Soleilho Champollion Museum - the writings of the worldPaul N. Dubuisson (31)
©Paul N. Dubuisson (31)|Paul-N. Dubsuisson
The writingmemory of men

Champollion and the Scriptures of the world

Housed in part of the birthplace of Jean-François Champollion, the famous decipherer of hieroglyphs, the musée Champollion – Les Écritures du Monde pays homage to the man, to his work and tells us the fascinating history of writing. Behind the “Facade of a Thousand Letters” made of copper plates, a superb work by Pierre Di Sciullo, more than 600 works invite us on a journey through cultures from all over the world: from Mexico to China, through Egypt and the Near East. A long history of 5300 years, from the first clay tablets until the digital age.


and his passion for Egypt

The visit begins on the first floor, in the room dedicated to Champollion. We are here in his native house, at the foot of the fireplace he knew and which is still present in the room.

Around a copy of the Rosetta Stone, the collections evoke, on the one hand, the stages of his long work of decoding, a research that lasted 15 years, and, on the other, his passion for Egypt. Exhibits such as statuettes of gods, sarcophagi, funerary rituals, a man’s mummy with linen strips and painted cartonnage dating from the Ptolemaic era, take us to the land of the pharaohs. Scanned and reconstructed in 3 dimensions, a video of this mummy allows us to visualize the deceased, navigate inside his body, and understand one of the most important funerary practices for the ancient Egyptians.

We accompany the researcher on his journey to Egypt on the River of the Nile, the fulfillment of his life.

The birth of writing

in the world

On the first floor, in homage to the polyglot whose knowledge of some fifteen languages and scripts enabled him to decipher the hieroglyphs, we look at the naissance of writing in four places: cuneiform in Mesopotamia, hieroglyphs in Egypt, Chinese writing,maya writing composed of glyphs. Inscriptions on stone, clay, papyrus or paper take us on a journey to ancient civilizations.

This room reveals a pictographic clay tablet of Sumerian origin, from Mesopotamia, engraved around 3200 BCE and bearing the earliest incised traces of a language representation.

Also discovered is a cast of the Code of Hammurabi, a masterpiece from the Louvre, which is the first law code inscribed in stone.

The revolution


The history of writing continues with the invention of alphabets in the Mediterranean: the Phoenician, Hebrew, Arabic, Greek and Latin. The alphabet is a real revolution: it makes learning and teaching writing easier and faster by reducing the number of signs.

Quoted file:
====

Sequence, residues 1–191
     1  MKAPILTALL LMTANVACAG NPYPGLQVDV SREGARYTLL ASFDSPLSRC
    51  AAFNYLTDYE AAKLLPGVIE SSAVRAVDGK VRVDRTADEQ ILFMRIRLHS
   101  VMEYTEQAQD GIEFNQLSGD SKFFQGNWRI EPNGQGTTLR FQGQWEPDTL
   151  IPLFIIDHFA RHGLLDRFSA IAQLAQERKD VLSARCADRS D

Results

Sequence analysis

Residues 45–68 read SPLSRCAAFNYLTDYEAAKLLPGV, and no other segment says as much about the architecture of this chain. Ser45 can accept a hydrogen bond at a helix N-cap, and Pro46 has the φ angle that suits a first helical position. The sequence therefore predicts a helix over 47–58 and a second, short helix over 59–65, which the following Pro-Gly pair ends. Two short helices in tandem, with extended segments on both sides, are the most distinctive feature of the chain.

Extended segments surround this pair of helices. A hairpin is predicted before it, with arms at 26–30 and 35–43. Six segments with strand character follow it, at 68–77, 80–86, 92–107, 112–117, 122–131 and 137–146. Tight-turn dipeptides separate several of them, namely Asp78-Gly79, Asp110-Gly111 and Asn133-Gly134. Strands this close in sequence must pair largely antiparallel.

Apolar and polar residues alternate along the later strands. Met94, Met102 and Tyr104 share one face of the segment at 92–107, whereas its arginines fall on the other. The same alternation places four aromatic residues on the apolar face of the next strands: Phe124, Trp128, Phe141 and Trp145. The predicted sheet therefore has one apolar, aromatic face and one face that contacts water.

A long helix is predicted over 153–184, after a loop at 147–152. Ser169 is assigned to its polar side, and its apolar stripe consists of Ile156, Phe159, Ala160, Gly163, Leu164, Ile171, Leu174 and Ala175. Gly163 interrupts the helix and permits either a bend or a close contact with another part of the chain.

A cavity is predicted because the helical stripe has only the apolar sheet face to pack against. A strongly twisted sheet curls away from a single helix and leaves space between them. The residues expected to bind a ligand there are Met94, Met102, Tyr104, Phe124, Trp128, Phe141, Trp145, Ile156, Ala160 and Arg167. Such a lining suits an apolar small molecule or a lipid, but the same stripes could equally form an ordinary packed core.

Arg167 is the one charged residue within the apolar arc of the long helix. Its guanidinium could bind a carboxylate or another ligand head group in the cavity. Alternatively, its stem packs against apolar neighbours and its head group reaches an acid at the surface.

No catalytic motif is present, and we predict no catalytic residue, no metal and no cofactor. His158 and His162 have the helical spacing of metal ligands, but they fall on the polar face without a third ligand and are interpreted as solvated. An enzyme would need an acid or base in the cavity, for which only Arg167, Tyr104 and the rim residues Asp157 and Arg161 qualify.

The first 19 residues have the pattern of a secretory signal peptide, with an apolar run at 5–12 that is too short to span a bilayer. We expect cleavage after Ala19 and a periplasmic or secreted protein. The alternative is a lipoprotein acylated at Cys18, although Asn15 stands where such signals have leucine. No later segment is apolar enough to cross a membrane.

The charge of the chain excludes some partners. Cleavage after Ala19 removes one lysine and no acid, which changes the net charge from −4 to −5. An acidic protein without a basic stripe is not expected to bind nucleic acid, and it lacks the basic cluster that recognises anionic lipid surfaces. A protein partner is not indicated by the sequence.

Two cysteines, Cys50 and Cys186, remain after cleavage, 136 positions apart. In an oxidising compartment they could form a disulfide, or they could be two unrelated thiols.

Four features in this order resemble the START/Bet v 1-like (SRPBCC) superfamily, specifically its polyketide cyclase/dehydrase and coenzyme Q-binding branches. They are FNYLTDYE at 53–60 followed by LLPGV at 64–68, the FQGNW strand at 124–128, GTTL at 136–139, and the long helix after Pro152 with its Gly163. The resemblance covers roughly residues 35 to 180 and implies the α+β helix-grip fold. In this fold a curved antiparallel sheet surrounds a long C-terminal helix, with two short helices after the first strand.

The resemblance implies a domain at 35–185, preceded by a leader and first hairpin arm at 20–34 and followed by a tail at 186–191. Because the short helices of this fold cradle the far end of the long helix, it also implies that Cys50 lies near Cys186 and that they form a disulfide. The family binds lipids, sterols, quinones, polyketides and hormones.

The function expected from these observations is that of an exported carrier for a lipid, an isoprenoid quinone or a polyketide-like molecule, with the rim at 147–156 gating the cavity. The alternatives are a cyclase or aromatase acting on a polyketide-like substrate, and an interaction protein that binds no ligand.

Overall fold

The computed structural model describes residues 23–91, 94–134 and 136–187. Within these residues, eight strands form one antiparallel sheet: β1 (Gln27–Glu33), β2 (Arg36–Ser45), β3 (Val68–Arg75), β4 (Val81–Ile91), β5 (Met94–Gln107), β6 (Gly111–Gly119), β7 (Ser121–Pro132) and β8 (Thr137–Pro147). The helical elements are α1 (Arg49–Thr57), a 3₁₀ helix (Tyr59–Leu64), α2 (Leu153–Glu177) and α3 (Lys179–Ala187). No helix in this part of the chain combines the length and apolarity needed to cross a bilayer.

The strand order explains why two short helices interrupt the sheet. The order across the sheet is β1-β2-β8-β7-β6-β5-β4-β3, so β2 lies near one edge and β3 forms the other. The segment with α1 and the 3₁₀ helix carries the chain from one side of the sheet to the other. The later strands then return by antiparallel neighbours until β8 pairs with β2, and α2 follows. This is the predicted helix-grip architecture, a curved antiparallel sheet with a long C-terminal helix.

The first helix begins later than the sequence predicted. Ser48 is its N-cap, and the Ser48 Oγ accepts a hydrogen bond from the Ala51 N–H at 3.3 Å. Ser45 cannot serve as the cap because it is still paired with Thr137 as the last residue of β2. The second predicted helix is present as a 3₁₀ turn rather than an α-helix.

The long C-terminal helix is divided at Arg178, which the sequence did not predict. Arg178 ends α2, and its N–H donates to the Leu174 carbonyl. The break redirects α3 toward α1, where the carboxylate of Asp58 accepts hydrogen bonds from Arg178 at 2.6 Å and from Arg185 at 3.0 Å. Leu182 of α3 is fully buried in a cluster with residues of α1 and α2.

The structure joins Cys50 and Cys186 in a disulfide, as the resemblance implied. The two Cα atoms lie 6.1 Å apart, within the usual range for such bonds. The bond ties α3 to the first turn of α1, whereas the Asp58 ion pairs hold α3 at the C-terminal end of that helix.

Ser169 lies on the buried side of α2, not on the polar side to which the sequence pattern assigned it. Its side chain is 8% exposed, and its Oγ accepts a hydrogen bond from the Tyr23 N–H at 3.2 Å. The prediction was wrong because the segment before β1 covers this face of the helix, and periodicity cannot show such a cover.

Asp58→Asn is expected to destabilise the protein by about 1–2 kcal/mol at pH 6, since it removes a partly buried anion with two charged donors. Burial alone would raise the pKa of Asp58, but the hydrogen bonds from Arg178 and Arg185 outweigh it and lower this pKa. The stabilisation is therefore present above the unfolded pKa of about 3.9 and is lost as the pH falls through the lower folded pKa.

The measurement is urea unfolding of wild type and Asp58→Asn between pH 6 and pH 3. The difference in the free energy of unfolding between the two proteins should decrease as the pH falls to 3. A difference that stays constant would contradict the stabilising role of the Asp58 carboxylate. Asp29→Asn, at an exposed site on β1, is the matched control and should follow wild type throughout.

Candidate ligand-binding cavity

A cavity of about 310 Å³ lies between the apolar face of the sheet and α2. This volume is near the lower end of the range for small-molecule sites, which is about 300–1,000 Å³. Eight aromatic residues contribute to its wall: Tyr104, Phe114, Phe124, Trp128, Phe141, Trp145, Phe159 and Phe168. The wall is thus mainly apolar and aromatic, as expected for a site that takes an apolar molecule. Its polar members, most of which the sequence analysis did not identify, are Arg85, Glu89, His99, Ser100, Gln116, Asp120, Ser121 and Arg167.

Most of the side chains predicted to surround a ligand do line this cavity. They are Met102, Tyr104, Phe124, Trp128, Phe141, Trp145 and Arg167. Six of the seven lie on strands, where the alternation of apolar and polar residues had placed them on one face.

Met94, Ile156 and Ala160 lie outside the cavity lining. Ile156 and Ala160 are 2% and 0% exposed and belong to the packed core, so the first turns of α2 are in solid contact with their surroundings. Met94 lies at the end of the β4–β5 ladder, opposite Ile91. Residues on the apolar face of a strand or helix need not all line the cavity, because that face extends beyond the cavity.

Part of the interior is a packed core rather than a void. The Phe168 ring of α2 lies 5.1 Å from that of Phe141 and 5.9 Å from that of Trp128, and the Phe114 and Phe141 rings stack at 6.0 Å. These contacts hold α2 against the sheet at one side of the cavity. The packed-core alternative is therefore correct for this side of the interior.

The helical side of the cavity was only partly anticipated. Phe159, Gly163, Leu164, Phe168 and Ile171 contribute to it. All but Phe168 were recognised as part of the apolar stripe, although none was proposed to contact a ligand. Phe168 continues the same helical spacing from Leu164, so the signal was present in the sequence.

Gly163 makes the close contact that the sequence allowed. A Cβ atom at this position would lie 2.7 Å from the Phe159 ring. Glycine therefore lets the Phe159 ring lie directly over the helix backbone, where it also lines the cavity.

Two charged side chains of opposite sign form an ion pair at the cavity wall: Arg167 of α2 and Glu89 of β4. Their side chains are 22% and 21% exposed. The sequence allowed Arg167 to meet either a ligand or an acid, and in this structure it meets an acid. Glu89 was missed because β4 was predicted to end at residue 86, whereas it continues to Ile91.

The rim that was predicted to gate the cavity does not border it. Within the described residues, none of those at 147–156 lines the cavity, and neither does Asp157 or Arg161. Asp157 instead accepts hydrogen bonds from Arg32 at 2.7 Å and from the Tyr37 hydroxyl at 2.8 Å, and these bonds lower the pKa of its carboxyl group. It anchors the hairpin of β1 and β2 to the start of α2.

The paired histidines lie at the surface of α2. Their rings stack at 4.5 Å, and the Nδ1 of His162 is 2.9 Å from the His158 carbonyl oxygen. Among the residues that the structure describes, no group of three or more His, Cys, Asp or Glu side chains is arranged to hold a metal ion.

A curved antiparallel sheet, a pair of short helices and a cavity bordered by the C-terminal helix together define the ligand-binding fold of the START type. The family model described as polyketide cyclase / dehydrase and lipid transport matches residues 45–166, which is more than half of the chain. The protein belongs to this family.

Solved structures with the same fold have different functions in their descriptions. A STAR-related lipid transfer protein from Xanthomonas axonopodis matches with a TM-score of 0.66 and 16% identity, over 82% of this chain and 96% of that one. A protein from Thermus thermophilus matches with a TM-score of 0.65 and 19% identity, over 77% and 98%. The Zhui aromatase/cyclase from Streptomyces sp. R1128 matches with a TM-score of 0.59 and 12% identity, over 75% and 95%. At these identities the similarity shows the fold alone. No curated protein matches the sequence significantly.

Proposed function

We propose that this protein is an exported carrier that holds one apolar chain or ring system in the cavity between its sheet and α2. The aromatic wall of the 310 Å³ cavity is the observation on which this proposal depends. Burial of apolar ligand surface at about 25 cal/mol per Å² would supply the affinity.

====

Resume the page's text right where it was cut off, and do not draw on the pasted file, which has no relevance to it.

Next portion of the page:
Screenshot 2023 03 15 At 14 21 18 Bible Enluminée Musées OccitanieIlluminated Bible Champollion Museum
©Illuminated Bible Champollion Museum

One of the most precious objects in this room is an illuminated Bible from Paris dating from 1230, with about a hundred ornate letters or figurative scenes.

Collection of the Champollion Museum

The book

From copyists to printers

This room is devoted to the book, from its invention with the first manuscripts, the parchment, and the copyist monks to the digital age. The book has undergone many changes with the arrival of paper in Europe, the modification of its formats, italics and then the rapid rise of the printing industry. This history is illustrated by the presence and gesture of the actors of the written word, from the medieval scribe to the computer scientist of the 21st century.

One of the most precious objects in this room is a 13th-century illuminated Bible from Paris, from the store of Maître Alexandre.


Writing, power and the citizen

The last room allows us to question the links that unite writing, power and citizens and the uses that societies make of writing. Acts of power, administrative forms, newspapers, grievances, and intimate manuscripts show that writing can be both a tool of control for the authorities and a means for each individual to inform himself, express himself, protest, create…

A matrix of the seal of the city of Figeac illustrates this theme. It dates from 1302 and makes the seal of Figeac one of the oldest in France.

To close the tour, a multimedia lounge invites us to deepen the visit through videos, websites. There is an unpublished document on the reconstruction of the mummy in 3 dimensions.

Bonus: on the top floor, enjoy the terrace, in front of the facade with a thousand letters, with a privileged view of the Place Champollion.

The ear on the alert